So...when I grow up I'm going to be ________.  I don't know.  Right now I'm going to be Uriah's wife and Finn's mom and Abby's mom.  And in between all of that house-maintaining and kid-rearing and dinner-cooking, I'm going to work on figuring out what I want, because I never truly explored those options.  And I think that maybe, just maybe, there might be something else out there for me.

Today I'm a mom, though, and in my world, mom's make cookies for their kids.  And my kid isn't a Girl Scout anymore (bummer) and I don't know any Girl Scouts, so I have to resort to making my own Girl Scout cookies.  On the plus side, because of these life-changing cookies, I don't have to wait for Girl Scout Cookie season anymore.  I can make these whenever I please.  Look at me, already I'm being proactive and growing as a human.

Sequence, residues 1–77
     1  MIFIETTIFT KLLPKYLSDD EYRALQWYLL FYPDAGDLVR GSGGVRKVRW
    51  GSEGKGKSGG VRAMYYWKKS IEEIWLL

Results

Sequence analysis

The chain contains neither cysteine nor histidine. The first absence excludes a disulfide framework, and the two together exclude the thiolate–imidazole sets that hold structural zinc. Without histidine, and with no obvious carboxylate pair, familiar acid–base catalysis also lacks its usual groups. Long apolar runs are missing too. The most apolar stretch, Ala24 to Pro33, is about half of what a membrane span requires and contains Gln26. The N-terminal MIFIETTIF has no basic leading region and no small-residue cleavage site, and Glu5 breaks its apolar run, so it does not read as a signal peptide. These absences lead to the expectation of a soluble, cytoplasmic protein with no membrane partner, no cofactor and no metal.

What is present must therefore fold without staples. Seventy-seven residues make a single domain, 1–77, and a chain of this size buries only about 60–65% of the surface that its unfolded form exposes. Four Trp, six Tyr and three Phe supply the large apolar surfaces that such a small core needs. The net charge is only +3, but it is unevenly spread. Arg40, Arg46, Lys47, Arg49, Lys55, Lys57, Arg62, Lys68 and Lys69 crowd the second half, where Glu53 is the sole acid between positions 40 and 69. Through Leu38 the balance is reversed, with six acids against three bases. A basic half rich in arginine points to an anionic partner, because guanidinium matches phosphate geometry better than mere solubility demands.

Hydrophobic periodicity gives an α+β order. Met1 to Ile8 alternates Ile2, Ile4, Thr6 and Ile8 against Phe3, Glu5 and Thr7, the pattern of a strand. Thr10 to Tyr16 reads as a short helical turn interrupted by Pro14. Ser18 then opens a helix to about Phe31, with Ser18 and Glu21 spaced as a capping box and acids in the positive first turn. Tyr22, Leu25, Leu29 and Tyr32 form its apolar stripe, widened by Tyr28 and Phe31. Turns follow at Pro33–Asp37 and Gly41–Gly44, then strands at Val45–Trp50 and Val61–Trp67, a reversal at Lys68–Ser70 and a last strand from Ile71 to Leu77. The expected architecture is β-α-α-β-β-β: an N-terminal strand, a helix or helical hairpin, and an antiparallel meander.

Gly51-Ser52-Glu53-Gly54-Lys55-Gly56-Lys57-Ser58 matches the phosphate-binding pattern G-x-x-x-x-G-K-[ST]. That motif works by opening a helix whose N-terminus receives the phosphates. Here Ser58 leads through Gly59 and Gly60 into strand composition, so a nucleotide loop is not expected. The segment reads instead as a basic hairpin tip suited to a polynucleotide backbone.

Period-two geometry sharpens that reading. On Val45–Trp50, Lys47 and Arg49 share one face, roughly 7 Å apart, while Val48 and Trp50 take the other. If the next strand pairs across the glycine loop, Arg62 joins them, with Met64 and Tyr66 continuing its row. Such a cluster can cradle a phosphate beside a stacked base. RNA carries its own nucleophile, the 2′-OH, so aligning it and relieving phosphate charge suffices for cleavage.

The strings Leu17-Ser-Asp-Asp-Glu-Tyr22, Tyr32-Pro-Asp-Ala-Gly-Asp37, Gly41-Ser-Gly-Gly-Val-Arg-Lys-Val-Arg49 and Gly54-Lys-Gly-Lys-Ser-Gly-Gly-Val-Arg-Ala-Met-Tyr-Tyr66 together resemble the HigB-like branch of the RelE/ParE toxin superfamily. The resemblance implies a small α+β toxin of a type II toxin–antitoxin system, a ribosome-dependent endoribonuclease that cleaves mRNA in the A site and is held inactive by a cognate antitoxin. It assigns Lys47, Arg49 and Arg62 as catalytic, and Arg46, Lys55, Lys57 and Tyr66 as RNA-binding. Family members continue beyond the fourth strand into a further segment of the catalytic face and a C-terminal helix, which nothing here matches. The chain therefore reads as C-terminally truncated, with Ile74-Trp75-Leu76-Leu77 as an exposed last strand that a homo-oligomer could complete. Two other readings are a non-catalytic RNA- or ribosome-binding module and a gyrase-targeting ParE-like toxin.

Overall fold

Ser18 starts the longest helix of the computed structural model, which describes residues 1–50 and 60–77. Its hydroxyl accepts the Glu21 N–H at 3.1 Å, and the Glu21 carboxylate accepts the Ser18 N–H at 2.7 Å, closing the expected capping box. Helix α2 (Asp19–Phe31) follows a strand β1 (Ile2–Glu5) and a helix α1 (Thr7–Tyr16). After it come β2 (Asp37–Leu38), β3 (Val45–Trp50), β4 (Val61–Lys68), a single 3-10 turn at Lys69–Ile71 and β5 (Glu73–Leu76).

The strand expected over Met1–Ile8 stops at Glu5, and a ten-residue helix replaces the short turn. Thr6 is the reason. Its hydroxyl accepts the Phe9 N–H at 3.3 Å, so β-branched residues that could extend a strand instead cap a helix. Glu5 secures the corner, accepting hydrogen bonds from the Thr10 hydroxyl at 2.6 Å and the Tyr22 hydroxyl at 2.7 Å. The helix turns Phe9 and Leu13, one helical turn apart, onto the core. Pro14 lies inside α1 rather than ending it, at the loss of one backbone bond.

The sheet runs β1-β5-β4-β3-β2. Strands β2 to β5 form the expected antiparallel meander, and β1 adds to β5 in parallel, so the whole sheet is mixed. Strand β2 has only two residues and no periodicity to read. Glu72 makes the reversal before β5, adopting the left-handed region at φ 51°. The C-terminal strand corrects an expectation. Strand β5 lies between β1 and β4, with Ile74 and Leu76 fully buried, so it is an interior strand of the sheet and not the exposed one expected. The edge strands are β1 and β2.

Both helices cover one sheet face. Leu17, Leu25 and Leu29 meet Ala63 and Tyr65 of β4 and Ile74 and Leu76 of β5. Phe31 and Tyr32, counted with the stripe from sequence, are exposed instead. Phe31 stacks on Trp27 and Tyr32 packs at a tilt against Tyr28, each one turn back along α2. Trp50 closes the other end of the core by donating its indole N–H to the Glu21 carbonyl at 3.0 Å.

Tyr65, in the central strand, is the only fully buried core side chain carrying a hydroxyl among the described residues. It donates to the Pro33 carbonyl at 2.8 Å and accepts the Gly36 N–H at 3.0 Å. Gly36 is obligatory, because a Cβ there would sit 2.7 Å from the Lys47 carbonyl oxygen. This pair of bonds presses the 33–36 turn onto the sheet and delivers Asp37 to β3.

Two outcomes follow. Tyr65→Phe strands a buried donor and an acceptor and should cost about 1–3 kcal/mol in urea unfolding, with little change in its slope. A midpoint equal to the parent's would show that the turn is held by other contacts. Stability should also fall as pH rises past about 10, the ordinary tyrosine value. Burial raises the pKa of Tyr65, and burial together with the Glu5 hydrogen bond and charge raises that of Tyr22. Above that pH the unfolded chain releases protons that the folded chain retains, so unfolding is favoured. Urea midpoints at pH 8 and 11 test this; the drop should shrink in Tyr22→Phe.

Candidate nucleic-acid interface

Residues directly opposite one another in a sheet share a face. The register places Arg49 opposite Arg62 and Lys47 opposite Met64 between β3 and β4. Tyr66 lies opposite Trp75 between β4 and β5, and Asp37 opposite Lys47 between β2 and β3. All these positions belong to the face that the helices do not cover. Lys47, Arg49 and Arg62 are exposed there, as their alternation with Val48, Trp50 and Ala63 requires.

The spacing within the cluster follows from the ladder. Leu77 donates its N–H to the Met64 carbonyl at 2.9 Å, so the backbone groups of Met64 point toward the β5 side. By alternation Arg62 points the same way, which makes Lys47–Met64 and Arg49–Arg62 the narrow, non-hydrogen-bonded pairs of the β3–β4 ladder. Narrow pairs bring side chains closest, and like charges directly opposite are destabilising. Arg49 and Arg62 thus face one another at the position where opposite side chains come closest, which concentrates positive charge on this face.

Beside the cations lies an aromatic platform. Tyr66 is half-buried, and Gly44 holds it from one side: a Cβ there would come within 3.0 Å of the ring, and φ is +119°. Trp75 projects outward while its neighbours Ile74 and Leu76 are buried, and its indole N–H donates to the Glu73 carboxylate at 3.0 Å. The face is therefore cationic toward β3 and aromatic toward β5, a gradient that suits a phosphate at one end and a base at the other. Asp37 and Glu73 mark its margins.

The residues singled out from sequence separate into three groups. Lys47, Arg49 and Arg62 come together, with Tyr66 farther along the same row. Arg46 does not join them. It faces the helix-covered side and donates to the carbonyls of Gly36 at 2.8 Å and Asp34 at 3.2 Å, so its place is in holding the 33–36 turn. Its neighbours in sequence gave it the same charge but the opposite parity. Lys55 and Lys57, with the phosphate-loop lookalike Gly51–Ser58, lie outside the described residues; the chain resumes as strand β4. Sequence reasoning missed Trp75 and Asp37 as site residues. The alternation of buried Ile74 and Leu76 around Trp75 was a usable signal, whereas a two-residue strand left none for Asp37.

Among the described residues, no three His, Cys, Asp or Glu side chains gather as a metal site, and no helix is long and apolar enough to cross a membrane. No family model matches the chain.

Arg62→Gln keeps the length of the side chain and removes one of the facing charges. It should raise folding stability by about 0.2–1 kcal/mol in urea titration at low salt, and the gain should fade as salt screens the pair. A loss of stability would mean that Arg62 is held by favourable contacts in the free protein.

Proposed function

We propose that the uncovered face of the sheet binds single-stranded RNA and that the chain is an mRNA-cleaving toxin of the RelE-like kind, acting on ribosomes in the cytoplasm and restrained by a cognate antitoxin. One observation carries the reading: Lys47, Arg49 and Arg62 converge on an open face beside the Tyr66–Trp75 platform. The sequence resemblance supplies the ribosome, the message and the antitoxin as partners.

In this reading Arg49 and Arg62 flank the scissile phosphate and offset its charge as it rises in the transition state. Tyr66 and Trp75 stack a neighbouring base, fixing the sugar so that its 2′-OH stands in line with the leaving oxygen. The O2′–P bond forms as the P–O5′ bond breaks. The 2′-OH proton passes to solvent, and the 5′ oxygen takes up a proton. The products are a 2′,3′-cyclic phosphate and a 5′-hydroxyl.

Maybe I'll open a bakery...
Or be a life coach...
Or photograph food...
Or write a cookbook...
Or become a doctor without borders...

Chocolate Cookies:
2 sticks of butter, softened
1 cup powder sugar
1 teaspoon vanilla
1 cup unsweetened cocoa powder
1 1/2 cups cake flour
1/2 teaspoon peppermint extract
1 tablespoon milk

Chocolate Coating:
12 oz. semi-sweet chocolate chips
1 tablespoon shortening
1 teaspoon peppermint extract (you can use more or less depending on how minty you want them)